The privatisation of a 25 percent stake in Russian state shipping firm Sovcomflot may be equally split between existing and new shares, two sources close to the deal told Reuters.
The stake sale in Sovcomflot, Russia’s biggest shipping company whose vessels support offshore oil and gas operations, is part of a wider state asset sale aimed at plugging holes in the state budget.
Revenue from the sale of existing shares goes to the existing shareholder, in the case of Sovcomflot the Russian state. Meanwhile money raised from the sale of new shares goes to the company itself, which it can use for development.
One of the sources close to the sale said the options being considered were to sell 25 percent in existing shares, or alternatively to sell half of that 25 percent stake in existing shares, and half in new shares.
The source said which option would be selected would depend on how much revenue the state wanted to gain from the sale.
A second source, who is familiar with the deal, also said that the option of an equal split between new and existing shares was being considered.
If that is the option chosen, “it would be good for investors to see that shares they invested in are ‘cash in’, for development,” the second source said.
In response to questions from Reuters, the Economy Ministry, which is overseeing the privatisation, said it was “currently waiting the report of the agent with preliminary recommendations on the deal. At the moment it is premature to talk of any options for the deal.”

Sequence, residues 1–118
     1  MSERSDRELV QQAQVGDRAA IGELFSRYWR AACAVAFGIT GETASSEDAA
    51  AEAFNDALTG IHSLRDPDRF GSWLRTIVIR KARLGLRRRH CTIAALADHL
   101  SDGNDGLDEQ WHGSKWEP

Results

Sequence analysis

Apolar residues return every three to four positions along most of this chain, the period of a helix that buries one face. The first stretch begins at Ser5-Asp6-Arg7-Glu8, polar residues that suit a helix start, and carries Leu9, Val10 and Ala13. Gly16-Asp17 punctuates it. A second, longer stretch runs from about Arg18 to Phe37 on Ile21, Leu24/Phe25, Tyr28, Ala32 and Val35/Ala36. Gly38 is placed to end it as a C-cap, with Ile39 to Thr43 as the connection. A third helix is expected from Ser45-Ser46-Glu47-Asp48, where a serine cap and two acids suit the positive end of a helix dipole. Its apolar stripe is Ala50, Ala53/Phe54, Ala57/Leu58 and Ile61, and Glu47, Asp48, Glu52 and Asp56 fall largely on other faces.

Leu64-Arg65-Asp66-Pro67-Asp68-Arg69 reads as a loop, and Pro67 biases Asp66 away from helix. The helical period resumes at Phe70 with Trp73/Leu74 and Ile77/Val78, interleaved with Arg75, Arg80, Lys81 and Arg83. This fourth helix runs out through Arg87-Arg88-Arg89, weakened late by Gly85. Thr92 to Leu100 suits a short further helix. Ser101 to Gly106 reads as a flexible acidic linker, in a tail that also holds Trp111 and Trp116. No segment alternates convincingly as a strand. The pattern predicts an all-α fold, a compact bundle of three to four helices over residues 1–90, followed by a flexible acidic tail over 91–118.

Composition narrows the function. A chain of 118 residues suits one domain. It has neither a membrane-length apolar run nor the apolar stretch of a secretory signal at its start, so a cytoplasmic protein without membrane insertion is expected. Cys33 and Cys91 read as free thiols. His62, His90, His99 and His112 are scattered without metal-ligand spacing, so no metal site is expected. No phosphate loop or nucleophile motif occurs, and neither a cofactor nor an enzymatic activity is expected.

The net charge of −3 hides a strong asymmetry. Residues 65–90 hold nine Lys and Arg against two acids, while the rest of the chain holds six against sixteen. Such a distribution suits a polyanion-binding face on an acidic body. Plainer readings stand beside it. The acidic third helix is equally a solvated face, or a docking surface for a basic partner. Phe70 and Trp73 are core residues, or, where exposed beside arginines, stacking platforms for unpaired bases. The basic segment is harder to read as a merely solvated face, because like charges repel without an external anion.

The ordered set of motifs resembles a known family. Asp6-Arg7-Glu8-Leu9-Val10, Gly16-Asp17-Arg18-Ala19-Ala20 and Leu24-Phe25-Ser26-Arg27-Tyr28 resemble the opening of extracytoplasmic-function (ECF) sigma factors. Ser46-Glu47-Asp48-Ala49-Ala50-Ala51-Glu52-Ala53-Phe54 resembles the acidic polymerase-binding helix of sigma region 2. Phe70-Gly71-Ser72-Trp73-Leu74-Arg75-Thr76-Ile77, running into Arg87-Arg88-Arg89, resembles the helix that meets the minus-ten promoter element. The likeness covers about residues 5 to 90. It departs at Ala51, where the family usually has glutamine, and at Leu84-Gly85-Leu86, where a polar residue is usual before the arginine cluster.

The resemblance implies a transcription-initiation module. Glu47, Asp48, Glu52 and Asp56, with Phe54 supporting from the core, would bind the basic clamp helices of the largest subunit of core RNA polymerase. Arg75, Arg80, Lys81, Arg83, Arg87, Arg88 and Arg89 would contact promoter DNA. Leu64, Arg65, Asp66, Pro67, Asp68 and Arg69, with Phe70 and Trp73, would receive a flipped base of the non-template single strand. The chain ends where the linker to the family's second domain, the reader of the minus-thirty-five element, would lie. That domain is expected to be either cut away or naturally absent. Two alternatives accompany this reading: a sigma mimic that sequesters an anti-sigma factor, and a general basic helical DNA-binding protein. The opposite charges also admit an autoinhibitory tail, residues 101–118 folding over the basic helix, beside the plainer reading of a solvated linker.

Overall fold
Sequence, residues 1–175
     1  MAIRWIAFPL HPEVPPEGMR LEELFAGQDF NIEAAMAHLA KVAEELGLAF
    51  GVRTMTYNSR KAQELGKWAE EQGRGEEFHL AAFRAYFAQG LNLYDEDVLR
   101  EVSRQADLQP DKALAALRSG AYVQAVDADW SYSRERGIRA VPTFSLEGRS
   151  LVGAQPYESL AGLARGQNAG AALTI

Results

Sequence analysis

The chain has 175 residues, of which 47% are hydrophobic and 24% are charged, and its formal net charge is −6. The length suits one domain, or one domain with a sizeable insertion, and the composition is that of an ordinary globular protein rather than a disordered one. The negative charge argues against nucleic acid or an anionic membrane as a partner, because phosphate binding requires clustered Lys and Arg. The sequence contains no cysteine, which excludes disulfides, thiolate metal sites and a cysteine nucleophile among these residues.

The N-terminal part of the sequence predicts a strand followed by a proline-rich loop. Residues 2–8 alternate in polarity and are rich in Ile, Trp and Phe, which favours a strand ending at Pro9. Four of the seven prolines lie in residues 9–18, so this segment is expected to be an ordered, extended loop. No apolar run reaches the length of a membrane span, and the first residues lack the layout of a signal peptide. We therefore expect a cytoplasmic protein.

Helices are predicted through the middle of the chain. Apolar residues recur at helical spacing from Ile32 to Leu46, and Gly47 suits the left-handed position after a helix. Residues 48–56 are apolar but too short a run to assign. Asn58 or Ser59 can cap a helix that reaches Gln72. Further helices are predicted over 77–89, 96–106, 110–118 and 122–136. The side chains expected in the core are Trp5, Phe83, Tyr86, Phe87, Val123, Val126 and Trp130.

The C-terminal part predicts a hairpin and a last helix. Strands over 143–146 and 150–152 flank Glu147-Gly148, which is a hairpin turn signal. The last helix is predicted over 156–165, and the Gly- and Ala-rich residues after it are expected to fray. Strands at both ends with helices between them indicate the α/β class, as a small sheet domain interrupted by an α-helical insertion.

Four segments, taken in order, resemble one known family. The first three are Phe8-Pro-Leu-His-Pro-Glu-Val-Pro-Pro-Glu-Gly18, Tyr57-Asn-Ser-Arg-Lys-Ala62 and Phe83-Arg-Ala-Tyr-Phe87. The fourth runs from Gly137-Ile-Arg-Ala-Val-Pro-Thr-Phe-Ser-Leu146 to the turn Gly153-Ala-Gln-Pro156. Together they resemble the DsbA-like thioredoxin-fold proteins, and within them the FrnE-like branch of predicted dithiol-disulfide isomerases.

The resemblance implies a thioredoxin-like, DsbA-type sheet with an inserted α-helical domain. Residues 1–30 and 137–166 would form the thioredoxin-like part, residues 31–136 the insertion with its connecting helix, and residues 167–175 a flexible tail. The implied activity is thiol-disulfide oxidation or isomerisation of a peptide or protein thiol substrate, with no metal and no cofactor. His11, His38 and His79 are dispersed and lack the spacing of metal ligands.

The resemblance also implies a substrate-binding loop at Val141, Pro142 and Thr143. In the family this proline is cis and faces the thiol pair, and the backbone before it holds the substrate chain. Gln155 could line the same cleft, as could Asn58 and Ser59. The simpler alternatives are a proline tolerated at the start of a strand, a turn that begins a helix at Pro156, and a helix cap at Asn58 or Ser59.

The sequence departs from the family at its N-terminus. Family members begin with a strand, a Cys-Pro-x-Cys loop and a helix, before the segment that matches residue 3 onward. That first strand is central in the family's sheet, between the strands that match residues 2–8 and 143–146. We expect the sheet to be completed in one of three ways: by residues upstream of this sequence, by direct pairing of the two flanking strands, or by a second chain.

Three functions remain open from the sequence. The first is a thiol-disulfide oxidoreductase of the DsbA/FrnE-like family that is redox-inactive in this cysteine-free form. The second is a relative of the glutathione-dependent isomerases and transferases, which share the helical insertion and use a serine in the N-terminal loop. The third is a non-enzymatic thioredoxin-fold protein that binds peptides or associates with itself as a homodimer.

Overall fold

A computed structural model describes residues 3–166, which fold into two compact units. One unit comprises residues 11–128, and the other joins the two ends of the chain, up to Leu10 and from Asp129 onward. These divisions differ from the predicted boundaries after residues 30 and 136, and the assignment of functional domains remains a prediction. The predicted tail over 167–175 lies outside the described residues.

A spokesman for Sovcomflot, asked by Reuters to comment, said it is up to the state, as shareholder, to decide on the terms of the stake sale.
TIMING OF SALE
Russian energy giants including Gazprom Neft, Novatek and Sakhalin Energy, which runs Russia’s sole liquefied natural gas plant (LNG), are among Sovcomflot’s clients.
Both sources said the stake sale could take place either this autumn or next spring, but that the timing was still under discussion.
Also under consideration was the location for the sale, with Moscow and New York bourses the options.
The first source said that the placement is likely to take place in Moscow and in the spring, after markets normalise in the wake of any turbulence that might follow the U.S. presidential election.
“There are no arguments for a placement in New York, apart from showing off. The government is not very fond of this idea,” the first source said.
The Russian economy ministry has previously said it wanted to raise 24 billion roubles ($380 million) from the sale of the Sovcomflot stake.